Preliminary figures indicate the Juneau School District is facing a deficit in excess of $1.1 million over the next two fiscal years.
"It's disappointing because we thought we had pretty close to a balanced budget (but) we've been surprised by lower enrollment estimates and (higher) risk-management costs," Superintendent Gary Bader said. "That's going to pose some real challenges to us."
The Juneau School Board will take up those challenges for fiscal years 2003-04 at budget meetings scheduled for 5 p.m. Wednesday and Thursday at the district offices at 1208 Glacier Ave. The district's budget for each of the two years will be roughly $38 million to $39 million.
As referenced by Bader, a decline in district enrollment the benchmark used to determine state funding is one of two major sources of concern for the district. It is expected to fall from 5,516 students this fiscal year to 5,446 for fiscal year 2003, which begins July 1 of this year. A decline to 5,336 is forecast for fiscal year 2004.
"Overall, the birth rate is declining significantly," said district Business Manager Zachary Hanna. "That's the dominant issue driving our decline in enrollment."
The anticipated reduction in student population would cost the district state and city revenue exceeding $845,000 over the period.
The other major concern is a dramatic rise in insurance costs for the city, which had been subsidized for several years due to some insurance surpluses prior to 1998.
Without the subsidies, early estimates show the school district's costs to the city for workers' compensation, general liability/auto and property insurance will increase 361 percent over this fiscal year, to $717,300.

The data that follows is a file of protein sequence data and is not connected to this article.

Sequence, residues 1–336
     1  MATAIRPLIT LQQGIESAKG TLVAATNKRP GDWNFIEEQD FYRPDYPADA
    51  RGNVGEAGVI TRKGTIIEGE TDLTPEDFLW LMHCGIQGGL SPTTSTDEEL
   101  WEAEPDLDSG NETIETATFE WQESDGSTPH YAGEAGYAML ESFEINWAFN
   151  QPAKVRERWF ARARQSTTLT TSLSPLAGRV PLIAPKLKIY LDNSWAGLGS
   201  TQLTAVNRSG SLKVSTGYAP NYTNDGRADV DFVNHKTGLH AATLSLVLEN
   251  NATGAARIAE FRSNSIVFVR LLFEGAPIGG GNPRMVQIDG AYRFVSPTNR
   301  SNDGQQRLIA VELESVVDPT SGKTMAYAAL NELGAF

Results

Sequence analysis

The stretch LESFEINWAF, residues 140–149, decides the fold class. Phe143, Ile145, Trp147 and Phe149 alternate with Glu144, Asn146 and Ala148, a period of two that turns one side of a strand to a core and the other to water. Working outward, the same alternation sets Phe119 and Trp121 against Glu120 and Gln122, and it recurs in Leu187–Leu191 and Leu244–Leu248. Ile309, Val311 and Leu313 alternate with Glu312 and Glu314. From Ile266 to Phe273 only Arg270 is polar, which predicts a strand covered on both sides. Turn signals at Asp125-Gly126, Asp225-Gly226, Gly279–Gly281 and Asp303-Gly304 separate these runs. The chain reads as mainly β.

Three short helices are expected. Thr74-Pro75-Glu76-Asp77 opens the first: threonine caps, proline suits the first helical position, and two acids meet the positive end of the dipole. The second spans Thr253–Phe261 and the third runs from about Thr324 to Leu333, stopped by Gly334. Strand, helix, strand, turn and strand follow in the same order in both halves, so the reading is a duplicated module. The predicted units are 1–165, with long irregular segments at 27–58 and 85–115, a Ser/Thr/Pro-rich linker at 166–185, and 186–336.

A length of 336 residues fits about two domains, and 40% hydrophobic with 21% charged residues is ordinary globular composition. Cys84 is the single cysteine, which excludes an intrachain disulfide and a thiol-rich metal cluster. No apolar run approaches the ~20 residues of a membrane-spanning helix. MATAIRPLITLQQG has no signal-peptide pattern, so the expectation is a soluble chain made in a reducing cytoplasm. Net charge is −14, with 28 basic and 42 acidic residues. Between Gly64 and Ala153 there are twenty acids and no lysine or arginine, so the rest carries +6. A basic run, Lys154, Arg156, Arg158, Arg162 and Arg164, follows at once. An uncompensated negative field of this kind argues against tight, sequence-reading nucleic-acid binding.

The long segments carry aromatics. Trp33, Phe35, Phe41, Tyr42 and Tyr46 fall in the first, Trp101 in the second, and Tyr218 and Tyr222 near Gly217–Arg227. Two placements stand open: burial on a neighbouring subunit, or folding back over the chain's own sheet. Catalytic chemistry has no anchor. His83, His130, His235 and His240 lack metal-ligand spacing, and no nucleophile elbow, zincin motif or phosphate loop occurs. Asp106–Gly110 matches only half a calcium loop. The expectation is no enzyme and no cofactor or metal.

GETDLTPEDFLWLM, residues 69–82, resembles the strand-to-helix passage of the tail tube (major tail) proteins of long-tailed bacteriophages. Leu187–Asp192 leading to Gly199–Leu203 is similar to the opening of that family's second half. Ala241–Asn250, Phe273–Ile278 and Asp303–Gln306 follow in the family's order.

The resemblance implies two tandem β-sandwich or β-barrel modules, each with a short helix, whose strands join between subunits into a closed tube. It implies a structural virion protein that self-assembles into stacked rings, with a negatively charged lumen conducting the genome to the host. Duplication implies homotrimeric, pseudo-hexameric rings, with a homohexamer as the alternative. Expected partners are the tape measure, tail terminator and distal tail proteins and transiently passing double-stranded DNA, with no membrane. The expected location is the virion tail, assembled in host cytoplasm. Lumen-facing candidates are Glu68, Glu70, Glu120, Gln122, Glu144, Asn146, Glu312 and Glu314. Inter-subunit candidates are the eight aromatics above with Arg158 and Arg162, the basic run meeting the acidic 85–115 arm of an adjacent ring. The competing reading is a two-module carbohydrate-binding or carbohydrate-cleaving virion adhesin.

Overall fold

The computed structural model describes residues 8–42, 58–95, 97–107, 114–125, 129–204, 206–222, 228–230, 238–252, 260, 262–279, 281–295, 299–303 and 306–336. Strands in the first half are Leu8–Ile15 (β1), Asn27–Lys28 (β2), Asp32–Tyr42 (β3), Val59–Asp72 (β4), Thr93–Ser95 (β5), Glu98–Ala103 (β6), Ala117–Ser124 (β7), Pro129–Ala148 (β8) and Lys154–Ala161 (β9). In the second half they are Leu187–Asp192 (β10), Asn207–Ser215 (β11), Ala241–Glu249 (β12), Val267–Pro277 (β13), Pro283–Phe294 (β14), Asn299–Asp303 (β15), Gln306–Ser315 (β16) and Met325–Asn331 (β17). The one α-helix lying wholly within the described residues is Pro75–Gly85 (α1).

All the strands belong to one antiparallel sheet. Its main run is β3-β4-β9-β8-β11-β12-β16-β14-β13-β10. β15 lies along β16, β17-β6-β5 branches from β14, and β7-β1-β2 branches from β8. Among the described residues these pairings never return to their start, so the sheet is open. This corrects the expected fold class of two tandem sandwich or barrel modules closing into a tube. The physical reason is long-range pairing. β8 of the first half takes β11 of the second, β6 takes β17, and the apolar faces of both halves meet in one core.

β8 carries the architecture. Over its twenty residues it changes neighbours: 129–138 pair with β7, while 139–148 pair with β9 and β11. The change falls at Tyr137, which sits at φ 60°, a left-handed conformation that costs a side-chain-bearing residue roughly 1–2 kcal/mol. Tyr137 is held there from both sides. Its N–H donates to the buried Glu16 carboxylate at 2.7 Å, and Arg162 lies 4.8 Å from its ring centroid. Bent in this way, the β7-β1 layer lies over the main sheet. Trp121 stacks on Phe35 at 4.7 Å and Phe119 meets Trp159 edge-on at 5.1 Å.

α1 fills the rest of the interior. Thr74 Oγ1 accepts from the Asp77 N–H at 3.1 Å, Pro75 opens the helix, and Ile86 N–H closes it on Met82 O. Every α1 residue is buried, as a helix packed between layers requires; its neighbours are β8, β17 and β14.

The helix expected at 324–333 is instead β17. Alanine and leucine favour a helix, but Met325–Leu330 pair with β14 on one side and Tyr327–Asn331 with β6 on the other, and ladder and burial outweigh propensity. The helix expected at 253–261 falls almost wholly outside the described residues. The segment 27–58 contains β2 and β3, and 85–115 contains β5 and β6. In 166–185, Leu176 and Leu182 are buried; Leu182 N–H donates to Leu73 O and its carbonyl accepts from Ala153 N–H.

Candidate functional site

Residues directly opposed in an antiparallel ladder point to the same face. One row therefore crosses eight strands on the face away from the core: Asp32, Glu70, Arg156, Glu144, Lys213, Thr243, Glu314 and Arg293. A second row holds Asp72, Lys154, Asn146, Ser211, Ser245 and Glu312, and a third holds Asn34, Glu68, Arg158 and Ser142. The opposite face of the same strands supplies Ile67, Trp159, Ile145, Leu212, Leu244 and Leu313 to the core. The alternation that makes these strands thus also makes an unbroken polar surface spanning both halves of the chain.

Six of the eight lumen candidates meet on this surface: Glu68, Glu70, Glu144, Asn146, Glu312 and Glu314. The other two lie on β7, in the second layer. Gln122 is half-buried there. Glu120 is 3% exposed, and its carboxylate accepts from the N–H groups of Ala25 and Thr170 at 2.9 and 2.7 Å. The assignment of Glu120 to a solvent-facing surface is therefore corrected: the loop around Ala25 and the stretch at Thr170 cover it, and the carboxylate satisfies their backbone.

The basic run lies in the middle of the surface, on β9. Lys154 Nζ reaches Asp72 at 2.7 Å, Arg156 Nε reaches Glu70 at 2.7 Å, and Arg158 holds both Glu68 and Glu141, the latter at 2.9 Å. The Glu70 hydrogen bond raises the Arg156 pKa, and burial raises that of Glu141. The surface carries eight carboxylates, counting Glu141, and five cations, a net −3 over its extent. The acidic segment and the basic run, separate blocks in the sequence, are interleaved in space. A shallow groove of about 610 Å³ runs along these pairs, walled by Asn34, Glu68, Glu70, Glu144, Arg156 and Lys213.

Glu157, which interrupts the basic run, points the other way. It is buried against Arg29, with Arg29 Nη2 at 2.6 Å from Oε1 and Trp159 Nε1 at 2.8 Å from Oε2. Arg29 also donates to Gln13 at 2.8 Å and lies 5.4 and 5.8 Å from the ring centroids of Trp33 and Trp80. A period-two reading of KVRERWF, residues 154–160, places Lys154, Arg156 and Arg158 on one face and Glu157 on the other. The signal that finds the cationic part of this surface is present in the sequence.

To make up the budget gap, the board will need to look at budget "drivers" guidelines such as pupil-teacher ratio. Under current ratios 24-1 at elementary, 21.5-1 at middle and 25.75-1 at high school levels the number of teachers in the district would fall from 259 now to 252 by fiscal year 2004.
By increasing or decreasing that ratio, the board could increase or decrease district staffing levels. The board can also re-examine staffing and funding levels among the administration, support staff and in programs such as special education and gifted and talented.
School Board members expressed concern about the budget figures they are facing at the start of the process.
"It's been several years since we've looked at numbers this negative," said Alan Schorr, a board member since 1991. "These are not modest amounts, and there are always additional demands."
"We never seem to have enough money, and we always seem to need more," said board Secretary Carolyn Spalding.
Both said they were particularly concerned about the insurance issue.
Schorr said the board will need to be "open and flexible" through the process when looking for ways to reduce costs.
Following this week's meetings, there will be several weeks of preparation and review of budgets on building, then district levels. The first reading of the completed budget is set for March 5, with a meeting for public comment on March 12 and the second reading on March 19. A final budget request is due to the Assembly by March 29.
Andrew Krueger can be reached at email@example.com.
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